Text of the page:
Paul Thompson's Research Publications

Cortical Complexity Maps and Cognition in Alzheimer's Disease

[Submitted to the 122nd Annual Meeting of the American Neurological Association, June 1997]

Jong-Ling Fuh, Michael S. Mega, Paul M. Thompson, Jeffrey L. Cummings, Arthur W. Toga

Laboratory of Neuro Imaging and Alzheimer's Disease Center, Department of Neurology, Division of Brain Mapping, UCLA School of Medicine, Los Angeles, California 90095


Background. Modern imaging provides detailed information on brain structure. Cortical complexity has been shown to decrease in patients with epilepsy. We constructed complexity maps from Alzheimer's disease (AD) patients to evaluate structure-function relationships.

Methods. We studied 13 AD patients (6 males, 7 females) aged 67 to 88 (mean age: 76.4 yrs). A battery of neuropsychological tests were conducted and 3D-SPGR magnetic resonance images (MRI) were obtained for each patient. We aligned their MRIs relative to the anterior-posterior commissural line. We extracted the cortical surface and divided it into four divisions grossly reflecting frontal, parietal, occipital, and temporal lobes for each hemisphere. These cortical divisions were used to calculate convolution complexity values. Correlations were calculated among the cortical complexity indices, for each lobar division, and cognitive performance on standardized neuropsychological tests.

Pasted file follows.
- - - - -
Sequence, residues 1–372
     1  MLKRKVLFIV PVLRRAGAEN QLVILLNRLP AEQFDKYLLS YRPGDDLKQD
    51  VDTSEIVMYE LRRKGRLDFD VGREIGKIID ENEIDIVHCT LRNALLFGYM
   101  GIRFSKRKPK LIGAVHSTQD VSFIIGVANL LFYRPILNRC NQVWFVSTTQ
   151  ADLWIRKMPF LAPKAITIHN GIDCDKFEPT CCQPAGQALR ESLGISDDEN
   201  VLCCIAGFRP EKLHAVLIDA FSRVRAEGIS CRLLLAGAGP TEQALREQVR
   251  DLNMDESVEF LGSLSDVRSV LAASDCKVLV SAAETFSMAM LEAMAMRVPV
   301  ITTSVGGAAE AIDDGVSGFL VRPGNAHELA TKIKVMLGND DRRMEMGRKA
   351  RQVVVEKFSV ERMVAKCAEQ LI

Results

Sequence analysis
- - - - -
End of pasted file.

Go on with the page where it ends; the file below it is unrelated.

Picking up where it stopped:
Results. Verbal fluency was significantly correlated with right frontal complexity (r=0.52, p<0.03); trends were found for the Stroop-C and Trails-B and left frontal complexity (r=-0.45), performance on the Boston Naming Test and left temporal complexity (r=0.39), and performance on the digital symbol task with left parietal complexity (r=0.31).

Conclusion. Our preliminary results demonstrate a new method in mapping brain structure-function relationships.

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    Paul Thompson
    73-360 Brain Research Institute
    UCLA Medical Center
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